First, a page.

The BBC has suspended its chief technology officer, John Linwood, for wasting £98m of licence fee payers' money on an internal content-sharing project that never got off the ground.
The Digital Media Initiative (DMI), first launched in 2008, was designed to give BBC staff better tools to “develop, create, share and manage video and audio content and programming on their desktop” as digital content grew in use at the corporation.
However, it was beset by problems from the start. The contract was first handed to Siemens, but this was never finalised so the project was brought back in-house. Technology innovations later rendered the project unnecessary.
BBC director of operations, Dominic Coles wrote in a blog post: “The pace of technological and digital change has been rapid; business and production requirements changed within the BBC; and the industry has developed standardised off-the-shelf digital production tools that did not exist five years ago.
“Developing such an ambitious and technically complex solution that was able to cope with the myriad demands BBC programmes would place upon it – due to the variety and complexity of our content – proved far more challenging than expected, which led to delays.”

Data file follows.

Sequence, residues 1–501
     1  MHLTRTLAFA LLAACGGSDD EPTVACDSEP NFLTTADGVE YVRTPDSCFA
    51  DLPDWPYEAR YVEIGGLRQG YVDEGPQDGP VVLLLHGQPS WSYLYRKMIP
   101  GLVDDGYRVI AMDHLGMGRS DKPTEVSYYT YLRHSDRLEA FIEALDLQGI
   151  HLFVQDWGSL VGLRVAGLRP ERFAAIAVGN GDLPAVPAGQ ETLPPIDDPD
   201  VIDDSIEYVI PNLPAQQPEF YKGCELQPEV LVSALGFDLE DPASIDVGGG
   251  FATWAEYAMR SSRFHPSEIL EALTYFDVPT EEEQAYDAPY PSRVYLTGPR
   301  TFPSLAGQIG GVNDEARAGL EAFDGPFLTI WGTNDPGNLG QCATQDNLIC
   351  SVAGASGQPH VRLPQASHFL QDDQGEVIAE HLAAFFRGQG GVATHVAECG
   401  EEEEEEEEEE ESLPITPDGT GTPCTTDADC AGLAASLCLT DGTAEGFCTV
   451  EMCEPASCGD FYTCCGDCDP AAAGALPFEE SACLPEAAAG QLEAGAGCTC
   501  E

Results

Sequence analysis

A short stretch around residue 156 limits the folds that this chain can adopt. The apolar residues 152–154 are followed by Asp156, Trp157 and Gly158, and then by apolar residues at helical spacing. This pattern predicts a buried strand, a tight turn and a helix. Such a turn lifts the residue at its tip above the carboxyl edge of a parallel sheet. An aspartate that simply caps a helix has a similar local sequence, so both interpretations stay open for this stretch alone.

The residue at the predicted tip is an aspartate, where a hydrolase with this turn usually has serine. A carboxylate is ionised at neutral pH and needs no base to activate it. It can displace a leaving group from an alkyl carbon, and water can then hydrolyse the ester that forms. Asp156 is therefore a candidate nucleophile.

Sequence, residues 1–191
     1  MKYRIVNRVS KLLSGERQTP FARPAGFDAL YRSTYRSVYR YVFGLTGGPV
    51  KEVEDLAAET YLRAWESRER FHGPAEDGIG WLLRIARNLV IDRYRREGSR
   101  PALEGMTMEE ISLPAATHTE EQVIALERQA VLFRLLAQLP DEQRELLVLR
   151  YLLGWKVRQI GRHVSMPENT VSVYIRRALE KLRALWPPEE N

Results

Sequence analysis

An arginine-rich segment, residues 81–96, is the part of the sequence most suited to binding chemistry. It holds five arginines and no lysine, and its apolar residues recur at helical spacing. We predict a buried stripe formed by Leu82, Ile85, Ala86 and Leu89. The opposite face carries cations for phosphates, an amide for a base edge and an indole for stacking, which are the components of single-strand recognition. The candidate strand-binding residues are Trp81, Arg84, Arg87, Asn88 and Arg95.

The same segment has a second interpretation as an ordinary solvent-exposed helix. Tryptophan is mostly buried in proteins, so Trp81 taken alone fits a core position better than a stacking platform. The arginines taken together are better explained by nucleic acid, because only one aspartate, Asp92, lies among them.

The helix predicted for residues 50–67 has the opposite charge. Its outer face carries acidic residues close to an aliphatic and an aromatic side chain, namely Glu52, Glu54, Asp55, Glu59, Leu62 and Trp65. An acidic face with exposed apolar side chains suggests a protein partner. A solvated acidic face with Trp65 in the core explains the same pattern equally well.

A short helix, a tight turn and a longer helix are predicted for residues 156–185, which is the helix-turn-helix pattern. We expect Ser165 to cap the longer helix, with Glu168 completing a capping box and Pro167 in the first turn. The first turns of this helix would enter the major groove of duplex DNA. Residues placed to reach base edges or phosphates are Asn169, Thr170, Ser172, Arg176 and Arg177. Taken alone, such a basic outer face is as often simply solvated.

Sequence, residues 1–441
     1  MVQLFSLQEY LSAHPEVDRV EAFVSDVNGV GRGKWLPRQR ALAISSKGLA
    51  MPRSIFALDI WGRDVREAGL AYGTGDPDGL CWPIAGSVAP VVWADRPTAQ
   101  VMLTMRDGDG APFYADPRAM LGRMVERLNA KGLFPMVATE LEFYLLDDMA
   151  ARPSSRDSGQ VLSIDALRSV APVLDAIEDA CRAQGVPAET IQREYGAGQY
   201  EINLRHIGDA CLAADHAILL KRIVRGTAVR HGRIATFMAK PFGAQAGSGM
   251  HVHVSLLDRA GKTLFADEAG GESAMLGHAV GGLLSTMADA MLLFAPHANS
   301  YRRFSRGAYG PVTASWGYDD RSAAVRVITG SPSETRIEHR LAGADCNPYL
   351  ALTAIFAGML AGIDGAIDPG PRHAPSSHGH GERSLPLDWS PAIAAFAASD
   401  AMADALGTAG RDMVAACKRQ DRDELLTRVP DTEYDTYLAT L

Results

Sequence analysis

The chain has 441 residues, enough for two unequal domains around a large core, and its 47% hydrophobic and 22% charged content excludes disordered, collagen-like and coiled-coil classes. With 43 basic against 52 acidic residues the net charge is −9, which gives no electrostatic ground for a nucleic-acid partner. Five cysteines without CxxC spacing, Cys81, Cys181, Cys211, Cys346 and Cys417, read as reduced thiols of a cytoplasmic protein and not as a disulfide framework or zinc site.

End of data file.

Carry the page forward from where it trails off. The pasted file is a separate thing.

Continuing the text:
In light of this the DMI has now been scrapped, as confirmed in a letter by BBC Trustee Anthony Fry to Public Accounts Committee chair Margaret Hodge. “Between April 2010, when the project was brought back under direct BBC control, and the point at which the project is halted, DMI will have cost the BBC £98.4m, having generated little or no assets,” he admitted.
“This is because much of the software and hardware which has been developed could only be used by the BBC if the project were completed, a course of action which, due to technological difficulties and changes to business needs, would be, I fear, equivalent to throwing good money after bad.”
Fry also confirmed that, “an individual has been suspended”, which the BBC confirmed was chief technology officer John Linwood. Technology controller for journalism, Peter Coles, will be the interim CTO while Linwood is on suspension.
BBC director-general Tony Hall voiced his annoyance that such a large amount of money was wasted in the name of technology. “The DMI project has wasted a huge amount of licence fee payers’ money and I saw no reason to allow that to continue, which is why I have closed it. I have serious concerns about how we managed this project,” he said.
“Ambitious technology projects like this always carry a risk of failure, it does not mean we should not attempt them but we have a responsibility to keep them under much greater control than we did here.”
The incident underlines the issues facing IT chiefs working in fast-paced sectors where ideas that require long implementation times can be rendered obsolete by the pace of change.
Despite this failed IT project, the BBC has had some notable success in recent years, with its iPlayer service in particular becoming a widely used tool on both desktop and mobile devices.
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